Here’s a secret… one time you give in to their unreasonable demands and they’ve got you!! So be firm and put your feet down when you feel the kid is being unreasonable. Do not try to accommodate ‘just this one time’ to avoid the tantrum! It will prove to be costly!!
Don’t be guilty if you are not able to a spend lot of time with them and never splurge on them out of a guilty consciousness, but make sure you spend QUALITY time with them whenever it is possible.
I used to feel guilty and even now, I do when I end up going home late in spite of not having much work at the office. But I don’t remember having ever splurged on Ammu out of guilty consciousness. Instead, we have our own unique konjifying* time. Ammu actually says ‘I feel like konjifying you mamma‘ 🙂 It takes just a few minutes… we hug… we roll over on the bed … we giggle some 😀 Thats all it takes. And it is so gratifying! more than any toy or any gift can ever make you feel!! and then she goes off happily to do her own thing 🙂
As for ‘quality time’ vs ‘quantity time’. I’m not so sure. I feel there needs to be a balance between the two. ‘Quality time’ all the time is not very feasible I guess. Meaning I cant be involved with all that she does every waking moment that I’m at home. And she also does not expect that from me. Ammu tells me whenever she wants me to be with her or do something with her. Sometimes she just wants me to be in the same room as her. I sit beside her and read something…maybe the newspaper or a magazine. Other times I do stuff like cutting the vegetables, with her doing her drawing or writing. Most other times she lets me do my thing. And if i’m taking too much of time in the kitchen or even in the bathroom, she comes asking me what I’m upto 😀 I’m always on her mind!! And then we talk a bit, exchange some jappis or ummas 🙂 Again get back to what we were doing.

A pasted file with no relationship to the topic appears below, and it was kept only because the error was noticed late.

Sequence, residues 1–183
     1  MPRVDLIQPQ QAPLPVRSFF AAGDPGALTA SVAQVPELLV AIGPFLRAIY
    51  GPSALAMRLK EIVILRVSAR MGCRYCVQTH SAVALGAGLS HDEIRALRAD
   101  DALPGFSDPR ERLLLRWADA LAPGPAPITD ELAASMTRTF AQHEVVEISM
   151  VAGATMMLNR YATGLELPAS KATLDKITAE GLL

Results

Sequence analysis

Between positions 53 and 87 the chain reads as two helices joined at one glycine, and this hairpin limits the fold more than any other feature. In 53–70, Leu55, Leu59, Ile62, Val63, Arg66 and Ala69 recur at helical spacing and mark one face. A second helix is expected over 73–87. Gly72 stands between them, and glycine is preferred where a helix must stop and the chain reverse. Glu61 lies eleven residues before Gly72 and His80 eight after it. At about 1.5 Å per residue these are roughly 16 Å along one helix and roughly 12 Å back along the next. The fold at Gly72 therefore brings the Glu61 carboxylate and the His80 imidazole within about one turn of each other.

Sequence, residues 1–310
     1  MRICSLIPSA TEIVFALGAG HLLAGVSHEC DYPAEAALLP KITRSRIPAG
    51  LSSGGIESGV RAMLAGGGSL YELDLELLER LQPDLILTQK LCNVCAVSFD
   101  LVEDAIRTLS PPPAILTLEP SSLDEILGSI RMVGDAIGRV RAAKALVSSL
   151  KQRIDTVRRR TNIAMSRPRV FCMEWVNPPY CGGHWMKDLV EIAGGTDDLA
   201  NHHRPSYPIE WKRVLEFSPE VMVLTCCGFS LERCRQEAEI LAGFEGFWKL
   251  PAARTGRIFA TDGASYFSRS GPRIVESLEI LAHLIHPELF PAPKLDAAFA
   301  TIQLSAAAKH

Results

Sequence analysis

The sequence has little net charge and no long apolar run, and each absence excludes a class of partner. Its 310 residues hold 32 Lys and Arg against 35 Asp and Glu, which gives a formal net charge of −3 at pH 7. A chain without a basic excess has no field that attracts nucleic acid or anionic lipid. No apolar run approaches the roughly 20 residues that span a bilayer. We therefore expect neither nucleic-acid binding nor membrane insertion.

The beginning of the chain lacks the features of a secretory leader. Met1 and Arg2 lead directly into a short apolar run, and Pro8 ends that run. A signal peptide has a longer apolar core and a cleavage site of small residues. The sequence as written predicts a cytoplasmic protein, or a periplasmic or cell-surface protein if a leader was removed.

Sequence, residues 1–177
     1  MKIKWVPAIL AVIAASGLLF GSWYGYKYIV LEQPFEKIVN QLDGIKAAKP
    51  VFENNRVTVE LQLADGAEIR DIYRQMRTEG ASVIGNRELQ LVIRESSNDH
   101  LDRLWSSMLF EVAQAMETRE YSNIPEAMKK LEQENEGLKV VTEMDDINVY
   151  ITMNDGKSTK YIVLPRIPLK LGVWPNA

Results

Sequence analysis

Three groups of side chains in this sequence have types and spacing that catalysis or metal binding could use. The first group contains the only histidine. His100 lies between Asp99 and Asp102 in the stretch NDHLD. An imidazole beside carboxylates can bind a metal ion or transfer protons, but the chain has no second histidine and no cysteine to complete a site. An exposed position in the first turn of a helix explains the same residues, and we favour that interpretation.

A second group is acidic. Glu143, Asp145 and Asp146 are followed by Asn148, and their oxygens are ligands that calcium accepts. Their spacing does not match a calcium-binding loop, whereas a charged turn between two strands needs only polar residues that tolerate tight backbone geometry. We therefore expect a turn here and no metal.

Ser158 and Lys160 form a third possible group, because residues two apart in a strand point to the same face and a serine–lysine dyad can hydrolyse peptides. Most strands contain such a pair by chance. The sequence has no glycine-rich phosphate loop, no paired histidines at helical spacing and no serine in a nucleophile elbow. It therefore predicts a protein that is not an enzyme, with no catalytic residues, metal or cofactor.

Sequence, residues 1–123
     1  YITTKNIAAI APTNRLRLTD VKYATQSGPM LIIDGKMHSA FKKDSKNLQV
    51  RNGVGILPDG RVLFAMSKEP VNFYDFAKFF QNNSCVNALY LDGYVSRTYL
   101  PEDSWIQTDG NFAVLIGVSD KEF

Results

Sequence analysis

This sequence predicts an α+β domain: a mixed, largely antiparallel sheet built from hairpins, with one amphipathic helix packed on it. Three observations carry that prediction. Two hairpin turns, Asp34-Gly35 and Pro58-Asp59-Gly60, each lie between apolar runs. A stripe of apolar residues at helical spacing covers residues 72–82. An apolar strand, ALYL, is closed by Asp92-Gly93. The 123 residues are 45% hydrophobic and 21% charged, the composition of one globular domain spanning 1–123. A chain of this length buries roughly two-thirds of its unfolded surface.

When Adi is with us, my involvement needs to be near about 100%. You never know what the two are upto. One moment they are playing happily and next you can hear a scream!! I try to just observe them when they are busy with something. Love the excitement in their eyes, eager to tell me what it is that they are doing 🙂 I realize that the kids just need us to be around and to feel that we care about what they are doing!!
Negatives put them off…DON’T, NO, NOT THAT, etc are words that parents use without discretion, in an effort to teach children the right things..Whenever possible try to use positives, or else, after the negative…explain why…in words or figuratively…why not to do a certain thing….even a small baby can comprehend expressions..if not words
This is the most difficult part. For me at least. I have tried the suggestion of using positives and offering explanations. But there are certain things that Ammu will do no matter what I tell. Out of curiosity maybe or due to habit. It gets exasperating for me, many a times 😦 I dislike the fact that she does it even though she understands why I tell her not to do a certain thing. Dad says… ‘just wait for some more time’ I wonder!!
Adi tries to get his share of fun by doing such things and then looking up to see if we are watching. Like touching the switches, which is a favorite among kids. The more we tell him that it is dangerous to fiddle with electric switches and gadgets, the more curious he is to explore them!! I really really don’t know if children will not do certain things just by knowing the consequence of their actions. Maybe I’m not doing it correctly 😦 But yes… I try as much as I can to avoid negatives. Perhaps, I’ll see the results only in the long run. For now, I just want that the kids dont run into trouble trying to do stuff that is not suited for them. Any pointers that will help me on this one, are most welcome!!!
Phew! I’m done with this exercise. Overall,I think we’re doing pretty good for now 😀 But I need to work much more on the role model bit.
Konjify* – from konjum, a tamil word meaning ‘to pamper with love’. Am I right Ums?
P.S: The points I have mentioned here and in the previous posts are from a workshop on Parenting skills by Dr Ali Khwaja. And this is an assessment of how we’ve fared in the past year, with respect to these points.